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Mirror the Face of Our Nation: Strategies for Increasing African American Inclusion in the Peace Corps and International Careers

The past: The program you may not know about that inspired JFK. The future: How we change what America looks like abroad.

 

Photo: Rep. Karen Bass, who delivered welcoming remarks for the event, part of the Ronald H. Brown Series, on September 14, 2021.

 

On September 14, 2021, the Constituency for Africa hosted, and National Peace Corps Association sponsored, a series of conversations on “Strategies for Increasing African American Inclusion in the Peace Corps and International Careers.” Part of the annual Ronald H. Brown Series, the event brought together leaders in government, policy, and education, as well as some key members of the Peace Corps community. 

Constituency for Africa was founded and is led by Melvin Foote, who served as a Volunteer in Eritrea and Ethiopia 1973–76. In hosting the program, he noted how the Peace Corps has played an instrumental role in training members of the U.S. diplomatic community. “Unfortunately, the number of African Americans serving in the Peace Corps has always been extremely low,” he wrote. By organizing this forum, he noted that CFA is attempting to build a community of Black Americans “who served in the Peace Corps in order to have impact on U.S. policies in Africa, in the Caribbean, and elsewhere around the world, and to form a support base for African Americans who are serving, and to encourage other young people to consider going into the Peace Corps.”

Representative Karen Bass (D-CA), Chair of the House Subcommittee on Africa and Global Health, delivered opening remarks. “I have traveled all around Africa, as I know so many of you have,” she said. “And we would love to see the Peace Corps be far more diverse than it is now. Launching this effort now, diversity and inclusion has to be a priority for all of us, including us in Congress. And we have to continue to try and reflect all of society in every facet of our lives … I am working to pass legislation to diversify even further the State Department, and looking not just on an entry level, but on a mid-career level. This effort that you’re doing today is just another aspect of the same struggle. So let me thank you for the work that you’re doing. And of course, Mel Foote as a former Peace Corps alum, and I know his daughter is in the Peace Corps. You’re just continuing a legacy and ensuring the future that the Peace Corps looks like the United States.”

 

“You’re continuing a legacy and making sure that in the future the Peace Corps looks like the United States.”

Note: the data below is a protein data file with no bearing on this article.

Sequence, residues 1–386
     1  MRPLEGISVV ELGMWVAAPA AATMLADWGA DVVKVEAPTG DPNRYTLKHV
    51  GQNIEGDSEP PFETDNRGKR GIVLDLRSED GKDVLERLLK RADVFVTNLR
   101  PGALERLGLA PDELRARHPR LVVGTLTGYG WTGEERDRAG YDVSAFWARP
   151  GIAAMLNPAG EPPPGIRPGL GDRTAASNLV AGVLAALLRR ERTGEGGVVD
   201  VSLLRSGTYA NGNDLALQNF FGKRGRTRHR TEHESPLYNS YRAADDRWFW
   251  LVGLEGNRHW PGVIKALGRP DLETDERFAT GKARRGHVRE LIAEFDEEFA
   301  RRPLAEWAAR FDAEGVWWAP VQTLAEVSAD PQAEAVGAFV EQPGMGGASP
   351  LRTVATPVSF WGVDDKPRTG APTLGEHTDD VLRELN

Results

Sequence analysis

— Karen Bass, Member, U.S. House of Representatives

 


Read and Explore

The 2021 Anniversary Edition of WorldView magazine includes some keynote remarks and discussions that were part of the event.

 

Operation Crossroads Africa and the “Progenitors of the Peace Corps”

Reverend Dr. Jonathan Weaver | Pastor at Greater Mt. Nebo African Methodist Episcopal Church; Founder and President, Pan African Collective

 

An Inclusive State Department Is a National Security Imperative

Gina Abercrombie-Winstanley | Chief Diversity and Inclusion Officer, U.S. Department of State

 

Diversity and Global Credibility

Aaron Williams | Peace Corps Director 2009–12

 

“First Comes Belonging”

Remarks and discussion with Returned Peace Corps Volunteers Howard DodsonSia Barbara Kamara, and Hermence Matsotsa-Cross. Discussion moderated by Dr. Anthony Pinder.

 

Watch the Program

Remarks were also delivered by Melvin Foote, founder and CEO of Constituency for Africa; Glenn Blumhorst, President and CEO of National Peace Corps Association; Dr. Darlene Grant, Senior Advisor to National Peace Corps Director; and Kimberly Bassett, Secretary of State for Washington, D.C., who welcomed participants on behalf of Mayor Muriel Bowser. Watch the entire event here. 

 


Learn More

The Constituency for Africa was founded in 1990 in Washington, D.C., when a group of concerned Africanists, interested citizens, and Africa-focused organizations developed a strategy to build organized support for Africa in the United States. CFA was charged with educating the U.S. public about Africa and U.S. policy on Africa; mobilizing an activist Constituency for Africa; and fostering cooperation among a broad-based coalition of American, African, and international organizations, as well as individuals committed to the progress and empowerment of Africa and African people.

CFA also founded and sponsors the annual Ronald H. Brown African Affairs Series, which is held in conjunction with the Congressional Black Caucus (CBC) Legislative Week each September. The series honors the late U.S. Commerce Secretary for his exemplary accomplishments in building strategic political, economic, and cultural linkages between the United States and Africa. More than 1,000 concerned individuals and organizational representatives attend each year, in order to gain valuable information and build strategic connections to tackle African and American challenges, issues, and concerns.